BY JONATHAN FOREMAN
Nick Clegg, whose Liberal Democrat party came third in the UK general election is at this moment the most powerful man in Britain.
You might expect large numbers of Britons to be uncomfortable with this peculiar, rather undemocratic state of affairs, and to dislike the idea of the two major parties competing to win Clegg’s hand in a potential coalition. And it may well be that most ordinary people do indeed find this strange interregnum confusing and disturbing.
However, the Liberal Democrats have such strong support in sections of the metropolitan media class (understandable given that the party is considerably to the left of both Labour and the Tories on most issues, as well fiercely anti-American and Europhile) that there is still plenty of authoritative-sounding comment on television and radio insisting that the current impasse is somehow the result of “people power” and a popular rejection of mainstream politics.
You will also hear the BBC and its newspaper echo chamber refer to the Liberal Democrats’ core platform of a radical reshaping of Britain’s electoral system as “political reform.”
It is a phrase that implicitly assumes that there is something fundamentally wrong with the current electoral system — and that the LibDem ‘proportional representation’ alternative inherently represents benign change.
And whether or not you believe PR might be a good idea for Britain, “political reform” in this context is a deliberately misleading phrase, one almost Orwellian in its dishonesty. It is designed to make a constitutional revolution, whether justified or not, sound like mere technocratic tinkering. The truth as that the scrapping of the current “first past the post” elections in favour of proportional representation would amount to the radical overturning of a system that has functioned reasonably well for many centuries and has certainly inspired believers in representative democracy all over the world.
Unfortunately that historical record doesn’t count for much here. And neither does the sometimes unfortunate record of proportional representation systems in countries like Germany, Italy, Japan, Israel etc.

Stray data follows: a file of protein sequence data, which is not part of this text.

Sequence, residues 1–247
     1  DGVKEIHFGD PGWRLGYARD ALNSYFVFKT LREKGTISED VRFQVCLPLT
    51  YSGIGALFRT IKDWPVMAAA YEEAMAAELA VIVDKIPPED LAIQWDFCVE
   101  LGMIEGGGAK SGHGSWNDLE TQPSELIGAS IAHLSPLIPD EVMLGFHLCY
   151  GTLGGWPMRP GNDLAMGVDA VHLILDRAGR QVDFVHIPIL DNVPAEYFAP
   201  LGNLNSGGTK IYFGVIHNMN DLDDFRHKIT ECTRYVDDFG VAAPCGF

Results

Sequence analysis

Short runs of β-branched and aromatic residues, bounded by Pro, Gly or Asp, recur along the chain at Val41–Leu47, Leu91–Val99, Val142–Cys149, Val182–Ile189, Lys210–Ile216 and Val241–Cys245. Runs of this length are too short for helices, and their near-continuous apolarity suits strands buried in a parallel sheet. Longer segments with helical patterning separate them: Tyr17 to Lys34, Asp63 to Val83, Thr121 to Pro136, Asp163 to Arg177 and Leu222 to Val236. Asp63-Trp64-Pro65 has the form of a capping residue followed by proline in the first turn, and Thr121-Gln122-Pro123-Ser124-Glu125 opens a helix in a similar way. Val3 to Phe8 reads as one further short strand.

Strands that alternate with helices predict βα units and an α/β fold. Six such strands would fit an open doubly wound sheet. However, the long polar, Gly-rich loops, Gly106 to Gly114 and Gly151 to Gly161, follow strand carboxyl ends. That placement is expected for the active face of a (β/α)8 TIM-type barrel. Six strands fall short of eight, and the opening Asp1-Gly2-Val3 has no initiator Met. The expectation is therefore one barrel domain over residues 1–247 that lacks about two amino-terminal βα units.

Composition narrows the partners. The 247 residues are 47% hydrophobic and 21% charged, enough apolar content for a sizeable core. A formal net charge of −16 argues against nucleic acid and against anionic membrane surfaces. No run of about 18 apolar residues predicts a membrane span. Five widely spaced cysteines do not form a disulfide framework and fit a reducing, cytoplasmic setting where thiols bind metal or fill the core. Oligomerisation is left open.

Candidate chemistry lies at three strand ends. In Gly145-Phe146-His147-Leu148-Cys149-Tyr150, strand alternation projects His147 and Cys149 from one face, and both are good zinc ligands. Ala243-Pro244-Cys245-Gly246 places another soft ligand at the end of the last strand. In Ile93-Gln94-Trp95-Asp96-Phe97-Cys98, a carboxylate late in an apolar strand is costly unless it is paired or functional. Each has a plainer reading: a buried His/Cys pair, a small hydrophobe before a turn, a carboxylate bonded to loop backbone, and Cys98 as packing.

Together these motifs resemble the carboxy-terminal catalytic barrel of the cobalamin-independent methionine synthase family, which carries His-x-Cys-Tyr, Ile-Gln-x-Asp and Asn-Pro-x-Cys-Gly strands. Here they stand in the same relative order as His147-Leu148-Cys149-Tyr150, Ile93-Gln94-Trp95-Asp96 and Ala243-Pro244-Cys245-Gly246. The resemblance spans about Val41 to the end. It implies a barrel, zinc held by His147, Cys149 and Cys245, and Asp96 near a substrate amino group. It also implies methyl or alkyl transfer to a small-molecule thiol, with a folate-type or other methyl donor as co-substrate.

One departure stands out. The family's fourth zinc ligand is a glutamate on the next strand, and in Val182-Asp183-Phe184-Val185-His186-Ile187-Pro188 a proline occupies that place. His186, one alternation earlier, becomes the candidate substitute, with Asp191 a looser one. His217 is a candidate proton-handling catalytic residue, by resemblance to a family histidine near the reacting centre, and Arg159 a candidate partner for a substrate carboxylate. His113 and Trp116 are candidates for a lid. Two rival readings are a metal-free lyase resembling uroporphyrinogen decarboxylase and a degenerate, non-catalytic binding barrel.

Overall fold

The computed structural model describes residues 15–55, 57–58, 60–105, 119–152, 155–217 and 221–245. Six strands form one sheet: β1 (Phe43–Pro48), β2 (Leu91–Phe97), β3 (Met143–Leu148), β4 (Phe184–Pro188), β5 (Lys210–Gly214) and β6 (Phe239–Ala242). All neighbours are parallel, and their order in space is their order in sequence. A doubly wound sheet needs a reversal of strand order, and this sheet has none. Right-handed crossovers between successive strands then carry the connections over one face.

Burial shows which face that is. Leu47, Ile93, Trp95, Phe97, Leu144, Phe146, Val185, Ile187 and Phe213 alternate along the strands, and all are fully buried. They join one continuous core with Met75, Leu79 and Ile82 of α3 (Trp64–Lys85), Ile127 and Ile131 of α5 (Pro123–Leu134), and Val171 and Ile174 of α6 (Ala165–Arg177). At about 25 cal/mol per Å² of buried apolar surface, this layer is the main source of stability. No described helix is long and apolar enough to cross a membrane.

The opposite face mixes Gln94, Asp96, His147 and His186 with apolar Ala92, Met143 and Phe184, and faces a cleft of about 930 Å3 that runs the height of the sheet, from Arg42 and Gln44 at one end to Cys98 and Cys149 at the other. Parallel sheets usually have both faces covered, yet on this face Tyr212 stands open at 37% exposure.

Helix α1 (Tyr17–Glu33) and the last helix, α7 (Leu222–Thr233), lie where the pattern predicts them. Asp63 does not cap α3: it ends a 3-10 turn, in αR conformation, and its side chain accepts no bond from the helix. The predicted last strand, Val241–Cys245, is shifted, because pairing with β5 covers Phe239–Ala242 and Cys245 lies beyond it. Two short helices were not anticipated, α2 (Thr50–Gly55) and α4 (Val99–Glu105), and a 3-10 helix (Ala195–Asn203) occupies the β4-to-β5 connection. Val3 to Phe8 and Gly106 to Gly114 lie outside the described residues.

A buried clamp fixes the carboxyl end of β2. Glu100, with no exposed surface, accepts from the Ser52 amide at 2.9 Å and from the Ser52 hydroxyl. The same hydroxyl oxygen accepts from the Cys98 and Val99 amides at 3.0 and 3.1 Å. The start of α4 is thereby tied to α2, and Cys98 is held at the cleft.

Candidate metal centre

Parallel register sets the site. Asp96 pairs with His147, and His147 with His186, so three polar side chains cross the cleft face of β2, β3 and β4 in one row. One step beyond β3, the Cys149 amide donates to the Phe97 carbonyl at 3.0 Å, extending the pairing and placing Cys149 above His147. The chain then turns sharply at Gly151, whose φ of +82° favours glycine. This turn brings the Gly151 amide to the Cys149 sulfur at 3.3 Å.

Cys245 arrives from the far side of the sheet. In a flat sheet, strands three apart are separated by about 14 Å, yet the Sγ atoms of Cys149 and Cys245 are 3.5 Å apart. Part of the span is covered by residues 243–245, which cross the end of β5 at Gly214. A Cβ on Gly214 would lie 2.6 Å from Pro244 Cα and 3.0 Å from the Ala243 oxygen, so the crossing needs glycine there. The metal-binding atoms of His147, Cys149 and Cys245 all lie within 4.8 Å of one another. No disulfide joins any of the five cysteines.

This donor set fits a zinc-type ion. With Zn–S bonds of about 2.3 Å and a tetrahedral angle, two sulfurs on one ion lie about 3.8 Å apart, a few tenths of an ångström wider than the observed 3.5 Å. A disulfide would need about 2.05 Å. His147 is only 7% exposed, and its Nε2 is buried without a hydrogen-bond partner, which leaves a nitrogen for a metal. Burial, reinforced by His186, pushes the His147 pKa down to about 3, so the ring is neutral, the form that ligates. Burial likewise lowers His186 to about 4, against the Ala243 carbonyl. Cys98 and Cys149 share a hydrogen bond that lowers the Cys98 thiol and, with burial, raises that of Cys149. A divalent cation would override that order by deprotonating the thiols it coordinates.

This is partly because the culture of Britain’s political class is increasingly steeped in the contemporary witchdoctory of branding and marketing – and in the ignorant cult of being “modern – rather than in history.
As a result you hear surprisingly few voices raised in defence of a sturdy, well-liked electoral system that has enjoyed a record that is not demonstrably worse than competing systems elsewhere, when it comes to either reflecting the popular will or enabling effective government.
Perhaps even more surprising is the way there is so little sense that the current confusion — the roiled financial markets, the sudden rise to power of a crank-filled minority party, the shabby horsetrading that so often characterizes the forming of coalitions between natural enemies – will become the norm here if Britain were to adopt the party list system proposed by the Lib Dems.
Those who see the latter as a vehicle for “change” at the expense of “the politicians” apparently don’t realize how much cause for cynicism they will have when all our future coalition governments are built on politicians’ dealmaking across party lines.
In the meantime some very real flaws in the British electoral system have emerged but have gone all but unmentioned by the politicians.
Some rightly complained about the long queues at polling stations resulting in hundreds or even thousands being denied a vote. (With typical quangocrat shamelessness, Jenny Watts the head of the newly established electoral commission, tried to excuse the incompetence of the organization she leads by blaming the shortage of staff and ballot papers on a “Victorian” system even though that system worked well with even higher turnouts in the 1970s and 80s).
But it took foreign observers like Sierra Leonean MP Marie Marilyn Jalloh of the Commonwealth election monitoring team to point out the absurd vulnerability of the system to fraud.
I myself was shocked not to be asked to show any ID. I could easily have given my poll card to someone else and had them vote in my place. You also don’t need to show any form of ID when you register for the vote in the first place.
Then there is the postal voting system introduced by New Labour. There is no delicate way of putting it but the result – intended or not – has been the emergence of South Asian style electoral fraud on a significant scale in areas like Tower Hamlets, Blackburn and Oldham with large numbers of immigrants and visitors from Pakistan and Bangladesh. One small flat above a shop in London’s Southall was reported to have 27 voters registered to its address; 15 of them had been added to the roll in the month before the election.
Given that, by one reckoning, only 16000 votes came between David Cameron and a solid majority, it is possible that there would be no hung parliament if not for electoral fraud.
It will be interesting to see if Cameron or Clegg or any other major mainstream political figure is willing to make an issue of this either before or after the initial round of horse trading is over and a new government is in place.
But then the whole coalition-forming process represents an integrity test for the leaders of all three parties, and in particular for Brown and Cameron.
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